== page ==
As a federal regulatory panel mulls over whether to approve genetically modified salmon for human consumption, a new effort to require labeling for the engineered fish is afoot.
Rep. Rosa DeLauro (D-CT), chairwoman of the House committee that controls the U.S. Food and Drug Administration and Department of Agriculture budgets, introduced a bill Wednesday that would mandate labeling of genetically modified fish.
According to her office, DeLauro's Consumers Right to Know Food Labeling Act would also require USDA to mandate that products of cloned animals be labeled, if intended for human consumption.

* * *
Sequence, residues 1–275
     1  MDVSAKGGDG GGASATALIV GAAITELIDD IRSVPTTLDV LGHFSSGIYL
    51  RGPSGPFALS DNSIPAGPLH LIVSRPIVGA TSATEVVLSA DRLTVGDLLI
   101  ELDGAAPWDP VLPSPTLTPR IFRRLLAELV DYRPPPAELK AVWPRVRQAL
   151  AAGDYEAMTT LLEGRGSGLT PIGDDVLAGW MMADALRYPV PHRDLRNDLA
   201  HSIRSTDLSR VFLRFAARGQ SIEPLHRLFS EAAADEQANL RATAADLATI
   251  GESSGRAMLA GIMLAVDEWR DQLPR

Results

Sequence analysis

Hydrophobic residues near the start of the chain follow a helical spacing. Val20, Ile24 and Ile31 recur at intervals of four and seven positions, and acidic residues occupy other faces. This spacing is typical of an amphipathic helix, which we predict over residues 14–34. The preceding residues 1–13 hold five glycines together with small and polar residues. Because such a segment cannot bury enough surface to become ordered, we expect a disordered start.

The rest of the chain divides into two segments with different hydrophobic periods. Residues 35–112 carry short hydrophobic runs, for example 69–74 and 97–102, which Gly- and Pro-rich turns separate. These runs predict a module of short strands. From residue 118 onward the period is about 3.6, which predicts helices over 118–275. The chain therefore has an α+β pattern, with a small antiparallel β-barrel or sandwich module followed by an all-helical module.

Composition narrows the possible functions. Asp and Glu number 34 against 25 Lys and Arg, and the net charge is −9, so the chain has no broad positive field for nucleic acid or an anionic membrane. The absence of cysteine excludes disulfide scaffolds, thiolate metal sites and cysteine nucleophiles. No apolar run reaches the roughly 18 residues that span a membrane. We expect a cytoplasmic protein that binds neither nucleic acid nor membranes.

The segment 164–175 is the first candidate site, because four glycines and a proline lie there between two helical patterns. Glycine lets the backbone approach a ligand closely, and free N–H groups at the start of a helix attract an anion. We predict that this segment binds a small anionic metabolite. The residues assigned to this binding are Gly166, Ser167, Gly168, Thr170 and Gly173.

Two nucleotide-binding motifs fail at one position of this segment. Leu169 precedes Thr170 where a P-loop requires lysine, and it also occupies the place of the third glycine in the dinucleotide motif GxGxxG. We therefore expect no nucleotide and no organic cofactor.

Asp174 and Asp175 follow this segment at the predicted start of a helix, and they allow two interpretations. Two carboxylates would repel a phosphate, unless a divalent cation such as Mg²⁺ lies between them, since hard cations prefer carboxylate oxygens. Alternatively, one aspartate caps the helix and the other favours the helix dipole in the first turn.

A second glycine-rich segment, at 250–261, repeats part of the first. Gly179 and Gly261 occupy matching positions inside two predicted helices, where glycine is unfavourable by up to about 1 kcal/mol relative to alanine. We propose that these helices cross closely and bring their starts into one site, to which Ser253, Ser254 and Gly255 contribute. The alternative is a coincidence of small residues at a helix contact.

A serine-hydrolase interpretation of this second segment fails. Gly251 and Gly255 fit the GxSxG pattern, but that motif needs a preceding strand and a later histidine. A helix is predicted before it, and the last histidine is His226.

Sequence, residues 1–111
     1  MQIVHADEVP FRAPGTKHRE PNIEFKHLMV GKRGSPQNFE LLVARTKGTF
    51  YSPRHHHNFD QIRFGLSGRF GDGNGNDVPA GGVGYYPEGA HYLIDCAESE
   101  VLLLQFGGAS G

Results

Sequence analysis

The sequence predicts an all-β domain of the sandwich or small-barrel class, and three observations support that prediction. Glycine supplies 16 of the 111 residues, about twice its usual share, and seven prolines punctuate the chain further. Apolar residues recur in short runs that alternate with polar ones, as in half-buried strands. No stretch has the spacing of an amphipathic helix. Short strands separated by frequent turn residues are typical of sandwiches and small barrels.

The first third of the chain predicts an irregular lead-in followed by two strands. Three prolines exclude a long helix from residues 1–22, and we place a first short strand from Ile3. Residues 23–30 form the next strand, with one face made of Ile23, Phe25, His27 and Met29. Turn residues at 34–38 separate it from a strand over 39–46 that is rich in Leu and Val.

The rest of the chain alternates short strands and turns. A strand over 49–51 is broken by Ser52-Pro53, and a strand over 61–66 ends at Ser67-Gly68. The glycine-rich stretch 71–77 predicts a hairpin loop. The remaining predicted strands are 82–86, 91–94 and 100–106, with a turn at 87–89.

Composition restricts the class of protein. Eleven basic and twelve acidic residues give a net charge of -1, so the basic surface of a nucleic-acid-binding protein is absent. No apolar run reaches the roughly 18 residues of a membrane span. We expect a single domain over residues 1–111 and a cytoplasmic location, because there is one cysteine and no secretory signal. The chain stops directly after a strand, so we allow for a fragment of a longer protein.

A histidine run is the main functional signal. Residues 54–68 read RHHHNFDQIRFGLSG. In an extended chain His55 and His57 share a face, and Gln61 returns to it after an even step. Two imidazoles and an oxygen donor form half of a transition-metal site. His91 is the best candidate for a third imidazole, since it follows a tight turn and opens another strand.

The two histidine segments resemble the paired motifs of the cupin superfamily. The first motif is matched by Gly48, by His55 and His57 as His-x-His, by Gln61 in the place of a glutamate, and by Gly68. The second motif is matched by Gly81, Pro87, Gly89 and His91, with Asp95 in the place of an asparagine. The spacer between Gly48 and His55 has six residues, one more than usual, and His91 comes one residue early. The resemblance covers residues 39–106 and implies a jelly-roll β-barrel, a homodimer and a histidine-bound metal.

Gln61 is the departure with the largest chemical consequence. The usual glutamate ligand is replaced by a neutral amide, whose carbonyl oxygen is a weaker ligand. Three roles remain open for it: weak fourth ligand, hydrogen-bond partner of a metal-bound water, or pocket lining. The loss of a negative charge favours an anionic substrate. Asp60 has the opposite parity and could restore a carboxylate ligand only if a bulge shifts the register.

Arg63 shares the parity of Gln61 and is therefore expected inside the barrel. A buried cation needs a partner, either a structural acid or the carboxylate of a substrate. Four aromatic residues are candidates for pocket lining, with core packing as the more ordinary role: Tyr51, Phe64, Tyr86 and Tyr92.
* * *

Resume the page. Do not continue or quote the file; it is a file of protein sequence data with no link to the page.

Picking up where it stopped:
"A recent Food & Water Watch survey revealed that 78 percent of Americans do not want genetically-engineered salmon to be approved and made available in stores and restaurants," said DeLauro in a statement. "It is obvious that the American public wants to be able to make informed decisions when purchasing their food and that they want to be able to differentiate cloned or genetically modified products from natural products."
"Because the FDA is treating these genetically modified salmon not as a food issue but as an animal drug issue, current regulations would leave the consumers unable to discern between these new modified salmon and traditional salmon," she added. "If FDA approves the genetically modified salmon the American public deserves to know the truth about their food, and this legislation will ensure that they are provided with this critical information."